There is also the depressing business of Rosie’s parents and her little brothers. I do like the fact that the show is not shying away from the effects of losing a child and all the grief and collateral damage that goes with it, but for some reason last night was a just a bit too much to watch. From Stanley’s breakdown in the bathroom, to the funeral home business, to the brother’s confusion and feelings of being neglected — it was almost too much drab material for one sitting. Top all that off with the incident int he grocery store where Rosie’s mother is blatantly shunned by another woman as if she was a walking turd leaking herpes. She and her husband are not suspects in the death of their daughter, and I get people may be awkward around someone whose kid was just murdered, but I had a hard time suspending my disbelief with this scene.
Lastly, the political angle my engross some, but I really wish they would marry it into the investigation into Rosie’s death a little quicker and a lot stronger than what we have now. A campaign car and Ahmed being the leader of one of Richmond’s athletic programs is not enough to warrant all of the time spent detailing Richmond’s campaign and all of the backstabbing and espionage that has goes along with it. I honestly do not care about anything going on with that storyline at the moment and it feels too much like watching two shows in one. I am keeping my fingers crossed that the link between these two plotlines strengthens in the next episode as we’re almost halfway through with the series and I’m starting to worry that even the writers don’t know who the killer is at the moment — although it has been mentioned it will not be the same one from the Danish series. If this rumor is true, and they are pulling a LOST, it will become painfully more apparent in the remaining episodes and probably lead to a conclusion that will not satisfy and leave loose ends dangling.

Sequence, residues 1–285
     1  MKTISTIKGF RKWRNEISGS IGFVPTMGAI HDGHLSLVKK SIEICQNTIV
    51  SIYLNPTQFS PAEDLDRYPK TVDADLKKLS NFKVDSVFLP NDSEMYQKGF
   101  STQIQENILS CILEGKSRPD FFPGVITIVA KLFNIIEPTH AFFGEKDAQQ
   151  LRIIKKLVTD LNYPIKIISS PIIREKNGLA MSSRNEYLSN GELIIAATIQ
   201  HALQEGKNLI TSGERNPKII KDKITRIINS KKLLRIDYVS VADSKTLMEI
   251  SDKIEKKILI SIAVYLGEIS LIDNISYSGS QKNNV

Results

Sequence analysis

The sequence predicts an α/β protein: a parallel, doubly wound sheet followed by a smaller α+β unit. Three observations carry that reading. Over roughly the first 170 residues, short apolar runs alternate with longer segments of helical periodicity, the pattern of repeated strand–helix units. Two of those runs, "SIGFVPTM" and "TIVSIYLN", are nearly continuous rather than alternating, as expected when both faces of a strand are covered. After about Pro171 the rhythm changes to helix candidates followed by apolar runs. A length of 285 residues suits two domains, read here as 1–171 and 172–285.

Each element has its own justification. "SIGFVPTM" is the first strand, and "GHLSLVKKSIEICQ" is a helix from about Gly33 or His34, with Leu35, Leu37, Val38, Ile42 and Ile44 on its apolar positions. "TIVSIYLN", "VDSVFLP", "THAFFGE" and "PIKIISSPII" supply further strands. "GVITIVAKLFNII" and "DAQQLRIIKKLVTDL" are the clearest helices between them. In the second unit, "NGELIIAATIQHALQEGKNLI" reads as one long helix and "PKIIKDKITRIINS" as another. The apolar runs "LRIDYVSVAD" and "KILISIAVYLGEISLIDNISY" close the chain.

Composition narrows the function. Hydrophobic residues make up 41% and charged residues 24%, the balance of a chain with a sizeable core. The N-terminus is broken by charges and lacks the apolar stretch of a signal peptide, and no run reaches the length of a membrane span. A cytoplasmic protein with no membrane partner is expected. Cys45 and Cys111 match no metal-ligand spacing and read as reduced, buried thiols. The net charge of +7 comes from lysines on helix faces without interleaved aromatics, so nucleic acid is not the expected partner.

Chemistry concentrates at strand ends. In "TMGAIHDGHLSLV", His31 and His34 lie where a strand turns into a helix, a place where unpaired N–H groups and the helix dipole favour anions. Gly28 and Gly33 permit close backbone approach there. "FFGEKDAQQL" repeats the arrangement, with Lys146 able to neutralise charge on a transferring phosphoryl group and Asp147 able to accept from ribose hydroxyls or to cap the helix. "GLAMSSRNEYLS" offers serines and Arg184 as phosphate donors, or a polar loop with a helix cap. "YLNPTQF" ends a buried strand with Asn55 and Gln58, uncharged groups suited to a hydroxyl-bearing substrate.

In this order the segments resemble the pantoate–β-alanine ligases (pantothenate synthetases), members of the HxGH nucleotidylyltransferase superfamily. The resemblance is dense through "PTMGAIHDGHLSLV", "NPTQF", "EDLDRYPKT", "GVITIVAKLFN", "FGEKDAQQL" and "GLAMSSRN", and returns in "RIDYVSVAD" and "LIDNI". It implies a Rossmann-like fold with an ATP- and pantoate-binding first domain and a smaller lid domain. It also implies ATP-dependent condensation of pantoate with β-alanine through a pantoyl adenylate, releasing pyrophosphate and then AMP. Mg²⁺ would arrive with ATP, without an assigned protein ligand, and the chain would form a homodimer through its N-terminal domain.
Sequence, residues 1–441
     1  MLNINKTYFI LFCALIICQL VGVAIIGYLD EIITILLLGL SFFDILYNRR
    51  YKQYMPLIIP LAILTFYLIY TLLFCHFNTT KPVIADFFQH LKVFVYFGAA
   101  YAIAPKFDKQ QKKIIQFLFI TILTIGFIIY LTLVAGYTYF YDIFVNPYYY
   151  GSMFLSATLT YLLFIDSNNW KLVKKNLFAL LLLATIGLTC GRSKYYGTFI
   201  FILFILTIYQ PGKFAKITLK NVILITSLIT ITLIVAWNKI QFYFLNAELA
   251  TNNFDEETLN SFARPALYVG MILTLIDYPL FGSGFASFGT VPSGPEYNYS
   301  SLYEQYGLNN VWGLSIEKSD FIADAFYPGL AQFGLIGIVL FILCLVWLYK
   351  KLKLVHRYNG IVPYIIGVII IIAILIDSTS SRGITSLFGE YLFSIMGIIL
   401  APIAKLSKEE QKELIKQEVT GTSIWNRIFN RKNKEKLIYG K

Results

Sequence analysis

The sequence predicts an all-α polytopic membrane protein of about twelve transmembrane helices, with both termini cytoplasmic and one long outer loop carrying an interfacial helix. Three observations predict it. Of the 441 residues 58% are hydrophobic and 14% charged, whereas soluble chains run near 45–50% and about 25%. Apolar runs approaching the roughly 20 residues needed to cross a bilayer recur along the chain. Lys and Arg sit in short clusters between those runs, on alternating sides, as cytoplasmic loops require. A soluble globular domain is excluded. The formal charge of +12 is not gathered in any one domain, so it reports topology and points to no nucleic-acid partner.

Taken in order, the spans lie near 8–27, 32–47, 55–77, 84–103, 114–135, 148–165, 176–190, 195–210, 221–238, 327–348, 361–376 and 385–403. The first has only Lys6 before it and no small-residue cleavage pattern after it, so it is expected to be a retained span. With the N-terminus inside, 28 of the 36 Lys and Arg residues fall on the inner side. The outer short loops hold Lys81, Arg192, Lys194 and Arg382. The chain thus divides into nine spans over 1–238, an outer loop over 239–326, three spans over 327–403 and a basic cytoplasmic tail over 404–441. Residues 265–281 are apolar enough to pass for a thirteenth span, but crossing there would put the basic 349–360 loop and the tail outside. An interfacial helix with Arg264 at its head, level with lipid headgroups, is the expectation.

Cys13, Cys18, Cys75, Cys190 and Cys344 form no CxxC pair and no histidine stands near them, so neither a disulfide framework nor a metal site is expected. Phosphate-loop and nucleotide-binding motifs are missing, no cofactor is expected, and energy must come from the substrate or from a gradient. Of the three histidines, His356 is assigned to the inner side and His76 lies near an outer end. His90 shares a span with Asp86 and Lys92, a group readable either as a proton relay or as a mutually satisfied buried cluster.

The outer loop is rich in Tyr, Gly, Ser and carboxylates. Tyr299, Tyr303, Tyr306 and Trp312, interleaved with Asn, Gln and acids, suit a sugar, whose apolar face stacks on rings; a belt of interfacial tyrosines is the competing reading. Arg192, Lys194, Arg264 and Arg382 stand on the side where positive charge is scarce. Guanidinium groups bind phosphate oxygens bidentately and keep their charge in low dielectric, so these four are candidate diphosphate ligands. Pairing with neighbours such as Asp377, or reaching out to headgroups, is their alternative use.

On the plus side the episode looked as good as ever. I also liked the lab tech informing Sarah that Rosie did not have drugs or alcohol in her system, but did test positive for ammonium hydroxide on her body and in her lungs. He explains this could be the reasons for the lack of evidence under her nails and not being able to determine if their was a sexual assault. This leads to Sarah remarking the killer sounds like a pro, to which the technician responds he wouldn’t be surprised if the killer had done it before. The possibility of a serial killer? Interesting, but I doubt it.
As it stands now, I think that Rosie witnessed something while out “experiencing the world” with her camera, something that would hurt someone’s political career. I’m guessing she was murdered by someone acting on that politician’s behalf, whether that politician knew it or not, shortly after helping Bennet with his floors. Bennett is being reluctant to reveal that info because he knows how bad it would look and his former student, very pregnant wife probably wouldn’t be too happy knowing about his relationship with Rosie that closely mimics the way theirs started.
I’m still in, but I gotta give this episode 2 out of 5 stars.
Anyone else watching this? If you want to comment, let’s keep the discussion only to events and reveals of this and past episodes. No spoilers. That includes events from the Danish series.Tags: